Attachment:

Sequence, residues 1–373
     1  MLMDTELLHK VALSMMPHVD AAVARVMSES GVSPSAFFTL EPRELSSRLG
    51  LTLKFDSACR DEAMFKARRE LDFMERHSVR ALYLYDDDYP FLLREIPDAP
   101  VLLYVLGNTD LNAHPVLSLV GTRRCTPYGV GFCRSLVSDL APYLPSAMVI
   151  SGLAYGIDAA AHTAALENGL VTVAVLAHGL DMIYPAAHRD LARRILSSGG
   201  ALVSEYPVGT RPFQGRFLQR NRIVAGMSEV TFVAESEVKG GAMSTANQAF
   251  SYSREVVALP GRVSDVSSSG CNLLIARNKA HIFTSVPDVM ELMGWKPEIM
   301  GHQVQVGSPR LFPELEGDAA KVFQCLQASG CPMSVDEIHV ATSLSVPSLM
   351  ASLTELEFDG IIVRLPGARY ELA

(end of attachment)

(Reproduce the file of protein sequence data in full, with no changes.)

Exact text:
Sequence, residues 1–373
     1  MLMDTELLHK VALSMMPHVD AAVARVMSES GVSPSAFFTL EPRELSSRLG
    51  LTLKFDSACR DEAMFKARRE LDFMERHSVR ALYLYDDDYP FLLREIPDAP
   101  VLLYVLGNTD LNAHPVLSLV GTRRCTPYGV GFCRSLVSDL APYLPSAMVI
   151  SGLAYGIDAA AHTAALENGL VTVAVLAHGL DMIYPAAHRD LARRILSSGG
   201  ALVSEYPVGT RPFQGRFLQR NRIVAGMSEV TFVAESEVKG GAMSTANQAF
   251  SYSREVVALP GRVSDVSSSG CNLLIARNKA HIFTSVPDVM ELMGWKPEIM
   301  GHQVQVGSPR LFPELEGDAA KVFQCLQASG CPMSVDEIHV ATSLSVPSLM
   351  ASLTELEFDG IIVRLPGARY ELA